A few years ago, someone asked Quora “Why are software development task estimations regularly off by a factor of 2-3?” Michael Wolfe wrote a very entertaining answer comparing software development to a hike along the coast of California, which he has since copied to his own website. What seems like a pleasant ramble turns into a death march. Unexpected difficulties arise, commitments are broken and broken again, and friendships are destroyed.
The answer was deservedly upvoted by over ten thousand people, but I felt there was something missing, so I replied:
This is really good, but if I can offer a suggestion – the analogy could be even more apt with a slight shift. Currently it only shows how people go wrong when they develop software in a naive way – by starting at the beginning, and coding each step to final quality, in order. The story, as written now, makes it look like writing software is just an impossible slog and nobody can do it.
The truth is, software is research. It’s a matter of discovering the solution, not plodding through it. This is implicit in your story, because they keep encountering unexpected problems. But let’s make it explicit.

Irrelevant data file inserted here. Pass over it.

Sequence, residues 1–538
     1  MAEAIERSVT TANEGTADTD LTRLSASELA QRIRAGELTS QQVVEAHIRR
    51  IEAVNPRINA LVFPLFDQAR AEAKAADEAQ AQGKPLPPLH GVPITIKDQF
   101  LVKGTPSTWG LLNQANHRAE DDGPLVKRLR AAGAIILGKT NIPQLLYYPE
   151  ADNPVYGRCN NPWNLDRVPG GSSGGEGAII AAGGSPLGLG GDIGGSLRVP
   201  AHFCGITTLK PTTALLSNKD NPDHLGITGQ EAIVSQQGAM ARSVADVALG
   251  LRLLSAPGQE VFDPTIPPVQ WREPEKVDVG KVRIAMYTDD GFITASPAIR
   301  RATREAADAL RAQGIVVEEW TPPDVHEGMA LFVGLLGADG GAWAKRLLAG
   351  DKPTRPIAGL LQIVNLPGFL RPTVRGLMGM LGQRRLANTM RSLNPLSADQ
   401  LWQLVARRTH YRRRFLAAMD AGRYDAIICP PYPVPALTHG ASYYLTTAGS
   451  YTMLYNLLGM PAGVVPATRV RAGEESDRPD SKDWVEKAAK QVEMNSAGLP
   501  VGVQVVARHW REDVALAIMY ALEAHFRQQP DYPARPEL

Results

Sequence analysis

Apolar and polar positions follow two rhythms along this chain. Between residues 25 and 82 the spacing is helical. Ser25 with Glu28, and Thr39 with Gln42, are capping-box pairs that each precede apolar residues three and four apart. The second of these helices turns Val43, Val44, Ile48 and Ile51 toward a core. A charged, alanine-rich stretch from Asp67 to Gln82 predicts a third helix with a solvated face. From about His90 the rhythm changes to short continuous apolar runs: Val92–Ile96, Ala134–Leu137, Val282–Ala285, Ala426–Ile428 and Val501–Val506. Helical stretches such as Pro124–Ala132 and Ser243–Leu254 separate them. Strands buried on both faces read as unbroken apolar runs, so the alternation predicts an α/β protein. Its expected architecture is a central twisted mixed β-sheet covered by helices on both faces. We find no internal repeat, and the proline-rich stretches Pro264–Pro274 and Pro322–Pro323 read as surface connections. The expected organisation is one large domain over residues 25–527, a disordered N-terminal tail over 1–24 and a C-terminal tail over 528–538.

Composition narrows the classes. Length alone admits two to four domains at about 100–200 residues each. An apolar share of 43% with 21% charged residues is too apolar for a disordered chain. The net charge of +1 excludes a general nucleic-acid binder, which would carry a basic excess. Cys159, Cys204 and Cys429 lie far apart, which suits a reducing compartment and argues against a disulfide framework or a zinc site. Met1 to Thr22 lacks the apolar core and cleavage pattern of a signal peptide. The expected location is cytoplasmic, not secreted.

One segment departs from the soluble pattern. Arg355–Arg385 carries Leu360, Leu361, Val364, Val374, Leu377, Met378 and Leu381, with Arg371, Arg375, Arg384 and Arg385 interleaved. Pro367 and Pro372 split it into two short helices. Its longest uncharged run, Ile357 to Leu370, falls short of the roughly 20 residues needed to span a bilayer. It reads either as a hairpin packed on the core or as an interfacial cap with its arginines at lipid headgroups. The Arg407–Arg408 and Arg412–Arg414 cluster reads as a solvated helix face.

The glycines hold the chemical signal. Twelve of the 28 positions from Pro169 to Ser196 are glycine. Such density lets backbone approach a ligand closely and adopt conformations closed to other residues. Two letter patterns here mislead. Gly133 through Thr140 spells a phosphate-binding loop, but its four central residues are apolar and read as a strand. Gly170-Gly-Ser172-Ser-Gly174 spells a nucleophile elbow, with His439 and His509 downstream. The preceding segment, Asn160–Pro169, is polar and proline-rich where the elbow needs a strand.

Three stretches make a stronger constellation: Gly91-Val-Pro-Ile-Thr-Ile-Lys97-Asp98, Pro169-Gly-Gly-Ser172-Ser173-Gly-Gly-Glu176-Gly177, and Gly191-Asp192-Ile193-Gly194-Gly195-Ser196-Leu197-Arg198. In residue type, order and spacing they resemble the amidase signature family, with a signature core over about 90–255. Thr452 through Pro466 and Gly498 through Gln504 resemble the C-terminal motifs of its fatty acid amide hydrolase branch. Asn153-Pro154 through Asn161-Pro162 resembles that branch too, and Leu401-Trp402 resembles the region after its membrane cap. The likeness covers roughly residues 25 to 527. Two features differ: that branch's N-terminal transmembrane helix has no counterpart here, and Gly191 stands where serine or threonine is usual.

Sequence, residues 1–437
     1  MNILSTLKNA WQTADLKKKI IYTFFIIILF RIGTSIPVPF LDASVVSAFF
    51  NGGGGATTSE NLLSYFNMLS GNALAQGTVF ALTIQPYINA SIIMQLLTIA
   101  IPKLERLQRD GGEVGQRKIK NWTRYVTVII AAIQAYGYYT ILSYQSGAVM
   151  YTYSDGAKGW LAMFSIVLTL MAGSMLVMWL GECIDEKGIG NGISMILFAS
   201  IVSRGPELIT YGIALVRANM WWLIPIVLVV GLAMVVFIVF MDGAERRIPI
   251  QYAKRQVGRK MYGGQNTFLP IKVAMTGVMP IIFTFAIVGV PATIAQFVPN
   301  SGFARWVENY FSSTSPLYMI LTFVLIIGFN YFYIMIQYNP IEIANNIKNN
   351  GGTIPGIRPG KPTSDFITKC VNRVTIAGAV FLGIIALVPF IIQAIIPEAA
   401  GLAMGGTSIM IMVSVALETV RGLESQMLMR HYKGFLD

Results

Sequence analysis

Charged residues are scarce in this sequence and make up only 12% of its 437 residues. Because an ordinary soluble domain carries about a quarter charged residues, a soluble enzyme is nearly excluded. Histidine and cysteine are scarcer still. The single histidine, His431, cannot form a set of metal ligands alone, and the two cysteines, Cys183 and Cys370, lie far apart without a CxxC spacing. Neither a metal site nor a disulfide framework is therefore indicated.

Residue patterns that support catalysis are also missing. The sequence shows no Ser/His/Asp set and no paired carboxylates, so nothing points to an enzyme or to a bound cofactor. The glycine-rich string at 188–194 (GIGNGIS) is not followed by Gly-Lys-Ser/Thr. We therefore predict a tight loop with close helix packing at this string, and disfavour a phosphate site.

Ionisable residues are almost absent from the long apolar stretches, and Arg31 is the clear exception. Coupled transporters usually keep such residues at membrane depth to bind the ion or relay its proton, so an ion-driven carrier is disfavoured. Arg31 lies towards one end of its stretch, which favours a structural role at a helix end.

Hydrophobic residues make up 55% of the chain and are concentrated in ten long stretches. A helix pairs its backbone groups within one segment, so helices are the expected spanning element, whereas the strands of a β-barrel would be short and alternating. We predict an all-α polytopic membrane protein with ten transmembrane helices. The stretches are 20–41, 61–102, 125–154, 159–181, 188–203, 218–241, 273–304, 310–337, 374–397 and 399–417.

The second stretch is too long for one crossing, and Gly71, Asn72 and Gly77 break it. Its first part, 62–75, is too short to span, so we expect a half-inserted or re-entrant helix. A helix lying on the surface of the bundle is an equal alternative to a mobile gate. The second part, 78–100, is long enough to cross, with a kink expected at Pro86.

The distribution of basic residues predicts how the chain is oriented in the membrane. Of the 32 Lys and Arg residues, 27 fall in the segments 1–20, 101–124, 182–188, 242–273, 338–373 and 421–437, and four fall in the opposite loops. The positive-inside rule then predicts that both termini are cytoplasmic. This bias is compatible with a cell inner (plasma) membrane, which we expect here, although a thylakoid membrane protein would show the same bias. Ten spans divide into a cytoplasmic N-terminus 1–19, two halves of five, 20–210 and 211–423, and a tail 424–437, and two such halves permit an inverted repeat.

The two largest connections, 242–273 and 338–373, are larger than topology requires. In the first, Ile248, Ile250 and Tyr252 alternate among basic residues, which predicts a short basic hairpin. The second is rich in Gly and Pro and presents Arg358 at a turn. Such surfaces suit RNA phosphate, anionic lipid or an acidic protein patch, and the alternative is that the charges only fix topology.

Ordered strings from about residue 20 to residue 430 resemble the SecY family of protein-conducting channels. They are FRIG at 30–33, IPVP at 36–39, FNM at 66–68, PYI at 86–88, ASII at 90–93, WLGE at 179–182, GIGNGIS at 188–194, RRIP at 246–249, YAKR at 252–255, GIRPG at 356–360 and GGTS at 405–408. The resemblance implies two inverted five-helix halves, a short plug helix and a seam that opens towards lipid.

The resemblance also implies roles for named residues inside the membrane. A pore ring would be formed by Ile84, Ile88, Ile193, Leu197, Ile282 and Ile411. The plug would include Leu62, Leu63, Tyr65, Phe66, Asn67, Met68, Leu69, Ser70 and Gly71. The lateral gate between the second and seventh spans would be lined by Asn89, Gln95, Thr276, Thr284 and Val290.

Imagine, instead, that our intrepid pair is charged with mapping the coastline of California from SF to LA. Mapping is more like software development because it involves discovery, and getting things right at multiple “points”.
The naive mappers start off from SF and it all fails exactly as you outline. A more clever pair of mappers instead decide to hire a boat, and map just a few points on the coastline precisely, just to get a rough estimate, and to survey the coastline for the tricky places. Then they know where to apply their efforts – an intern can be hired to pace out some of the easy bits, and a team of well-equipped hikers can be brought in to handle the hard parts.
They can even stop when they have a map that is just good enough.